|In the picture above, Carl is about halfway done on one side of the mound, working his way to the right.|
"If we had to garden in this stuff, I'd seriously think about quitting gardening," I grumbled as I hoisted yet another hefty clod to the trailer.
"Yeah, we've been spoiled all these years with our sand," Carl agreed.
We'd started out with two rakes and a pail, which soon turned into a wheelbarrow and within an hour upgraded to the 574 and our dump trailer.
Way down on the end of the ninety-something foot long mound is the tractor and trailer. At first, I was raking the clods out and carting them to the pail/wheelbarrow/trailer. On Sunday afternoon I got the bright idea to simply rake the bigger chunks to the bottom of the mound and deal with them later on.
"I wonder how the town grader would work on this job?" I asked. The lane was rutted up on the south end from all the dump truck traffic.
"You know, that's an idea," Carl said. "We haven't used the grader in a few years."
We decided to dump all the leftover clumps of clay into the low spot on the lane and then grade the surface flat again.
Sunday was gloriously warm and happily we'd had no rain. (I can't imagine working with this topsoil if it were wet.) But Sunday was also the first day of Daylight Savings Time; great, it was going to be dark an hour earlier.
We worked as fast as we could, reminiscing about Larry's funeral and his life as we raked.
"I can't get over how much work this is," Carl said. "My shoulders are sore."
"Yeah. Raking isn't a whole lot of fun," I agreed. "But you've been at it longer than I have."
By 5PM the sun was setting and we headed for the Back Eight and the ancient road grader.
Carl hooked the tractor up and I towed him through the trees, around the corner and up to the mound.
The nameplate reads: Russell Hiway Patrol Number 1 Factory No.(?) I couldn't make the factory number out, though a rubbing might work. (I was surprised to learn Russell was bought out by Caterpillar in 1928.) History of Russell Graders
This antique was left on my parent's farm when my grandfather was still alive. My dad always called it the 'town grader' because it technically belonged to the township or the crew who was hired to do the road construction. The road was built with sand from our farm pit when my father was a young child. Dad was born in 1913, and I'm sure this antique implement is at least as old; so the grader has been in our possession for a long, long time. Somehow, I don't think they want it back.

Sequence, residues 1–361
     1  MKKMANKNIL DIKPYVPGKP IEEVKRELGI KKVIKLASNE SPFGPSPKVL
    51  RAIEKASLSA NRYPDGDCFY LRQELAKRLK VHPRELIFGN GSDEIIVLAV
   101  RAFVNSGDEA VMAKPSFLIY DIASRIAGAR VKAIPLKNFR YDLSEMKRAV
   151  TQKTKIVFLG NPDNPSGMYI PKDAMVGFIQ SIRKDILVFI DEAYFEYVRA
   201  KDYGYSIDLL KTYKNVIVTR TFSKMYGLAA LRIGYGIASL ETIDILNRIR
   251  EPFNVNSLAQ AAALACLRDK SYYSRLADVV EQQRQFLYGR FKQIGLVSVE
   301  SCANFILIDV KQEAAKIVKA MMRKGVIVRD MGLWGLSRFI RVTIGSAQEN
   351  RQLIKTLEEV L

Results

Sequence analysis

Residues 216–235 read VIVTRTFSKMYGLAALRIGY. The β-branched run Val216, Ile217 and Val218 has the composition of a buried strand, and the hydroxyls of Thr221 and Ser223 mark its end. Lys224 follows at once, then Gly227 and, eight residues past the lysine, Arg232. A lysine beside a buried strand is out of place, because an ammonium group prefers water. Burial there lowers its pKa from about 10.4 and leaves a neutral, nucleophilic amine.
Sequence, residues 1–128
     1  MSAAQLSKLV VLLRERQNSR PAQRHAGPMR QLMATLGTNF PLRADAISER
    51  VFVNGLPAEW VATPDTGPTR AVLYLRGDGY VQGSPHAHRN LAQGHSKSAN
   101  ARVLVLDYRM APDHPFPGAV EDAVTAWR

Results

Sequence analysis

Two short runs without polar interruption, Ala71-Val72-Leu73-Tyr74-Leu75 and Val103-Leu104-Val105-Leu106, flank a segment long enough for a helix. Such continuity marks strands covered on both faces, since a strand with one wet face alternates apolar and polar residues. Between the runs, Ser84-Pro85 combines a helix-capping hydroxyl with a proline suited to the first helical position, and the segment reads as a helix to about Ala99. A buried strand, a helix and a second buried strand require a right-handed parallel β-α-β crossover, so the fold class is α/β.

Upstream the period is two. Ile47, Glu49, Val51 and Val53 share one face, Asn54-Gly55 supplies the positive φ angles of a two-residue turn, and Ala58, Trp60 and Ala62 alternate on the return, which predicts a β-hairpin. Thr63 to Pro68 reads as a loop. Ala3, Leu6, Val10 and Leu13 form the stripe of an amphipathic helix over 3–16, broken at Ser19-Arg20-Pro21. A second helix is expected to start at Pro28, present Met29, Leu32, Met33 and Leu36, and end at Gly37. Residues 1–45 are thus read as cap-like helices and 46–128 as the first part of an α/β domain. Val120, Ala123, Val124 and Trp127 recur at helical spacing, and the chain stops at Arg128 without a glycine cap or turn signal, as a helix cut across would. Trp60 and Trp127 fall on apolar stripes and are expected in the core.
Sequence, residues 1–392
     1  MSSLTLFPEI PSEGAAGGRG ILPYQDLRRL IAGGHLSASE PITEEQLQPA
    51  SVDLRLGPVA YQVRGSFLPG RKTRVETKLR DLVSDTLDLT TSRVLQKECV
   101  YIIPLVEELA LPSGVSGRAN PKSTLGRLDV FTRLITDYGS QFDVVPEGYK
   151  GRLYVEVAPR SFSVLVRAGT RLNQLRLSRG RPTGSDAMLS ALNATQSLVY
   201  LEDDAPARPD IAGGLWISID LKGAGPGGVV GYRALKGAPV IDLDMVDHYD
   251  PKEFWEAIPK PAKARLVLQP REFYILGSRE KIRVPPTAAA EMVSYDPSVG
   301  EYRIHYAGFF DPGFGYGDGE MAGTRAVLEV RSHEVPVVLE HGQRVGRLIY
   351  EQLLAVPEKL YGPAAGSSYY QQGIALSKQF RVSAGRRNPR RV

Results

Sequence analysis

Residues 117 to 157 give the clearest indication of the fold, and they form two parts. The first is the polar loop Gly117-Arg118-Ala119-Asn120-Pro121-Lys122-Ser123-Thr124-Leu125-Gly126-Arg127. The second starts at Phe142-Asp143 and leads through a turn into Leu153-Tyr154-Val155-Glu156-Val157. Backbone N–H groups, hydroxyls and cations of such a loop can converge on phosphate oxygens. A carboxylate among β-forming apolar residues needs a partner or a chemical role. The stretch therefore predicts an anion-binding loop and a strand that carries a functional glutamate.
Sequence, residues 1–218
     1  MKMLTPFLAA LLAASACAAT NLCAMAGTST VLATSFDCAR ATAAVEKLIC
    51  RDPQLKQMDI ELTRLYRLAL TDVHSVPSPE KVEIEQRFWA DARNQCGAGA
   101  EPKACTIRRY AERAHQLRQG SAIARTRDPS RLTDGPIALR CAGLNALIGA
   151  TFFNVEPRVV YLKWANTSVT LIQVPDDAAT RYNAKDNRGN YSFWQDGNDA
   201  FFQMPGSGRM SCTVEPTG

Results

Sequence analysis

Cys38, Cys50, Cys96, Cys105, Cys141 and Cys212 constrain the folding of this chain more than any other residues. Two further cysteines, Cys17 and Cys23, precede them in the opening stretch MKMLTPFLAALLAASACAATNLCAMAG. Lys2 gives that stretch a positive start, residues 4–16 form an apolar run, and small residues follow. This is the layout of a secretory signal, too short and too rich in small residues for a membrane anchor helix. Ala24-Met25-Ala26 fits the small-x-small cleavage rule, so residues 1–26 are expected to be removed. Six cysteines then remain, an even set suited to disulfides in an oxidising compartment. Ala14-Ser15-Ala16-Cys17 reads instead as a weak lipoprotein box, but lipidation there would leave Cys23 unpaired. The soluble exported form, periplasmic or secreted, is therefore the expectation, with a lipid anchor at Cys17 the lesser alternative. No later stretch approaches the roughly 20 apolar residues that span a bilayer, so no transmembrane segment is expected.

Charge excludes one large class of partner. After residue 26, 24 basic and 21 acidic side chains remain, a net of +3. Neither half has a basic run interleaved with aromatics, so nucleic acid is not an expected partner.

The blade is raised and lowered using the wheels which turn surprisingly easy. We can also raise and lower the entire grader by using the hydraulics on the tractor. (Yes, we cheat.) This machine probably would have been pulled by horses back in the day; I'm pretty sure there were a pair of front wheels at one time. There was also a wooden platform to rest the operator's feet on, too, but they have long since rotted away, before my time.
Carl got off the machine and swung the blade to the angle he needed for grading.
After he had adjusted everything he wanted, he took over driving back and forth, leveling off the lane.
We both love the old machine, but it was almost a goner back in the late 1990's. Before my father died, he'd been in the midst of tearing the grader apart in preparation of taking it in for recycling. Carl happened to talk to him that very day and managed to stop the destruction.
"Please don't get rid of the grader," he said. "We still need it around here."
"What do you need it for?" my father had gruffly asked, "It's worthless."
Thank goodness, somehow Carl managed to talk him out of dismantling it and actually ended up putting most of it back together instead.
With Carl driving, I was running the wheels for the blade. The ride is surprisingly smooth and I enjoyed being towed around in circles. For an antique that is possibly well over a hundred years old, it does a marvelous job.
Too soon, the sun was down below the horizon and we couldn't see very well. Mission accomplished: the lane was smooth.
Time to take the tractor back to the machine shed and call it a night.